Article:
David J. Riesbeck, Aristotle on Political Community, p. 152
Average conversation in the Khawaja-Bowles household:
Irfan: I don’t think we should let Hugo go out on the deck unattended.
Alison: Who cares what you think? Right, Hugo?
Hugo remains on the deck unattended.
I’m teaching the issue of drone warfare and targeted killing in one of my ethics classes, the fifth or sixth semester in a row I’ve taught this material, via Kenneth Himes’s 2016 book, Drones and the Ethics of Targeted Killing. It’s been a frustrating, even despair-inducing experience: Of the 90 or so students enrolled, only half attend. Of the 45 of who attend, 40 are utterly indifferent to the material, unmoved even by the most shocking finding, revelation, or video I can throw at them.
My students–whether rich or poor, urban or suburban, black or white–simply do not care whether drones increase or decrease the incidence of terrorist attacks, much less whether their use is in any sense morally justified. Whether drones kill innocents or kill “bad guys,” whether the targets are justified in resisting U.S. policy or obliged to lie down and take it: none of this is nearly as important as whatever they’re doing on their phones. Continue reading
Here’s a draft of the paper I’m giving at the 25th Annual Conference of the Association for Core Texts and Courses a few weeks from now in Santa Fe, New Mexico. Comments welcome.
Anyone who teaches Machiavelli’s Prince in a college setting faces a daunting set of pedagogical problems, among them the apparent anachronism of the examples that Machiavelli adduces in support of the advice he gives the prince. Few political philosophers are trained to discuss the political histories of Greco-Roman antiquity, the Ottoman Empire, or Renaissance Europe, and fewer students can endure reading or hearing about them. Yet such examples clot the text of The Prince, jeopardizing its accessibility and relevance to twenty-first century students. Continue reading
For scheduling reasons, as usual, I missed my chance a few weeks ago to see Julia Bacha’s documentary film, “Naila and the Uprising” at the UN, where Bacha, the director, was in attendance to discuss the film at a pre-showing event. In case you were wondering, Julia Bacha is a filmmaker with Just Vision, an independent film company dedicated to “rendering Palestinian and Israeli grassroots leaders more visible, valued and influential in their efforts.” And “Naila” is the story of a young Gazan woman’s participation in the first Palestinian uprising, or intifada, of 1987-1993. Unless you’re a connoisseur of things Palestinian, you’d probably never have heard of director, film, or company. And if ordinary experience is any guide, American connoisseurs of things Palestinian are in pretty short supply. Continue reading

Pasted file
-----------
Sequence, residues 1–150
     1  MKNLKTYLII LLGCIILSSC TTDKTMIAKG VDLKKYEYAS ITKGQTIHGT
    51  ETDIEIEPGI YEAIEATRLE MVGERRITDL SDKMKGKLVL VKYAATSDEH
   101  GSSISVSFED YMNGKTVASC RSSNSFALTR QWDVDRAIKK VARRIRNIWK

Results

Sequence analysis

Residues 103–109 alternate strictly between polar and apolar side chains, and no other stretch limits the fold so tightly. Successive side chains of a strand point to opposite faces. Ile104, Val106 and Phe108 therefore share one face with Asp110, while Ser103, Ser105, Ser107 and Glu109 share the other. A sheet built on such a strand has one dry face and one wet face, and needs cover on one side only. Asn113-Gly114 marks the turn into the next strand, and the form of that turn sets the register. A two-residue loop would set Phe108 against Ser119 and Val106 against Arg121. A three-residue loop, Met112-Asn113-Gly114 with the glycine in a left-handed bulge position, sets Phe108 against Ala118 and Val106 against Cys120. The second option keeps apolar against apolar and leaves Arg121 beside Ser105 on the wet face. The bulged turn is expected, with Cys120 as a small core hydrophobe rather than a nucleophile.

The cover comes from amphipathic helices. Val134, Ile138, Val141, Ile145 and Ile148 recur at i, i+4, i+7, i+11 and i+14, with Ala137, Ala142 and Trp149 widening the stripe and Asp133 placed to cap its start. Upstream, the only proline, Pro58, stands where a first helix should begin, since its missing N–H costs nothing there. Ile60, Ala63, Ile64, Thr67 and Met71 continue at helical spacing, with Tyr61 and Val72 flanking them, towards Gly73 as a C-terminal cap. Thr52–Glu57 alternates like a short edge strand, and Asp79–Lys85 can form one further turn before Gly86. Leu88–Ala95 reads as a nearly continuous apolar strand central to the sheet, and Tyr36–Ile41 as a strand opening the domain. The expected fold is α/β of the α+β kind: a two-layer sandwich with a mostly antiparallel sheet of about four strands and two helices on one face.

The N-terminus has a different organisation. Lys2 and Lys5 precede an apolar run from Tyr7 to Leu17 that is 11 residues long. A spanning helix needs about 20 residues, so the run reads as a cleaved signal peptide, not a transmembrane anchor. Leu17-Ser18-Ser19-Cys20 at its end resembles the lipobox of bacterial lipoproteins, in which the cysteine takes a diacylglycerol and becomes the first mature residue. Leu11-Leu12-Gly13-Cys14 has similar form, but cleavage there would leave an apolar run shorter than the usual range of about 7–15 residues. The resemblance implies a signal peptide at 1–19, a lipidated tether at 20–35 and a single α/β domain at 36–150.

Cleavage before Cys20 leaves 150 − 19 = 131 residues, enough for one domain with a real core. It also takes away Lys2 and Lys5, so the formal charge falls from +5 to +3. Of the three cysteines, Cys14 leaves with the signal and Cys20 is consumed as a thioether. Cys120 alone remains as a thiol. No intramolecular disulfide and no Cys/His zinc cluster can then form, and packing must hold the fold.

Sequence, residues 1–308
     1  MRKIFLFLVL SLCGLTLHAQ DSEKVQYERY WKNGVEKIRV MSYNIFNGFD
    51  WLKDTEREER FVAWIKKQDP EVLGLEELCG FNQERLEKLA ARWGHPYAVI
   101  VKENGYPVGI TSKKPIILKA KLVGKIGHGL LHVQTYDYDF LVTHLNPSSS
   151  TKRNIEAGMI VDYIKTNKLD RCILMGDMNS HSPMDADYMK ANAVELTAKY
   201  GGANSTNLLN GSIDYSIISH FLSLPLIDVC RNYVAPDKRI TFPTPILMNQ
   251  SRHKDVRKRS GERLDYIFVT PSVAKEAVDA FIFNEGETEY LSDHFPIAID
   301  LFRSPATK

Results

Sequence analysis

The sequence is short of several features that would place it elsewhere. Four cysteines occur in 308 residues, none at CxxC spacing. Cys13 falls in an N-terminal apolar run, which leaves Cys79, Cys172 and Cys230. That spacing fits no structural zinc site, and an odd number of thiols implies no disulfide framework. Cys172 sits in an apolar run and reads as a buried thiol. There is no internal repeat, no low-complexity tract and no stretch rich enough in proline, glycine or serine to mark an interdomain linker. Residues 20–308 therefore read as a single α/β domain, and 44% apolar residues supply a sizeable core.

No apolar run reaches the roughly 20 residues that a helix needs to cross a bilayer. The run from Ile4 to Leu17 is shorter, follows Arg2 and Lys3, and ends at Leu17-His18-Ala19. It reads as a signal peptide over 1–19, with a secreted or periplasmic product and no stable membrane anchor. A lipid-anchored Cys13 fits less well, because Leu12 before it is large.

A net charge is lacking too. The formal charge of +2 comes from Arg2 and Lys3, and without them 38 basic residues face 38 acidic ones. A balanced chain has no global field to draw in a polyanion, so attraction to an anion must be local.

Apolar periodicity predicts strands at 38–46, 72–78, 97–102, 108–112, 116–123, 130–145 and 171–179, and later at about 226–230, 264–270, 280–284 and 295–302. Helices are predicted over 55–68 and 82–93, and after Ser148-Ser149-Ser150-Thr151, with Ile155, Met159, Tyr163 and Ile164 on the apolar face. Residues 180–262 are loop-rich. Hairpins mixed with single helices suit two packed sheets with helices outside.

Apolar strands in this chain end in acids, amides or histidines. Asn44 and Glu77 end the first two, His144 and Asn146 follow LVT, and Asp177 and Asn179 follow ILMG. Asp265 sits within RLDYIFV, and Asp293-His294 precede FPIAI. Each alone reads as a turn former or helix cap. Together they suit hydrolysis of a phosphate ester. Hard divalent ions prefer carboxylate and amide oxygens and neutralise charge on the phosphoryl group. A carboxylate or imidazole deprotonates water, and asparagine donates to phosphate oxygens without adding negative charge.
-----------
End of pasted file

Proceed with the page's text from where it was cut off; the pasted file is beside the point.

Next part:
I wonder what anyone out there thinks of this issue, especially from a libertarian-type property rights perspective:
I live out in the country—granted, the countryside of New Jersey, but still, in a semi-rural area. The town I live in, Readington, is quite large (48 sq miles), and contains a fair bit of open space, along with a bunch of large-scale property holdings.
One of the owners of one of these larger plots owns a plot large enough to accommodate a small jetport—which is what he wants to build on it. The plot in question already has a small airport on it, intended for private propeller-driven planes, but the owner wants to upgrade the existing airport to the equivalent of a regional jetport for some of the smaller commercial airlines. Continue reading
I spent a few hours in municipal court the other day fighting a traffic ticket. Of the several dozen defendants in court that day, I was the only one to demand a trial by pleading not guilty. In insisting so conspicuously and anomalously on my innocence–annoying even my attorney–I began to wonder about the guilt or innocence of the other defendants in court. No doubt some were guilty as charged, but I found it hard to believe that all of them were. What, I wondered, was the point of driving to court in a Mercedes or BMW, hiring a high priced attorney, and wasting hours to cop a plea in a case that had “reasonable doubt” written all over it? But lots did. Continue reading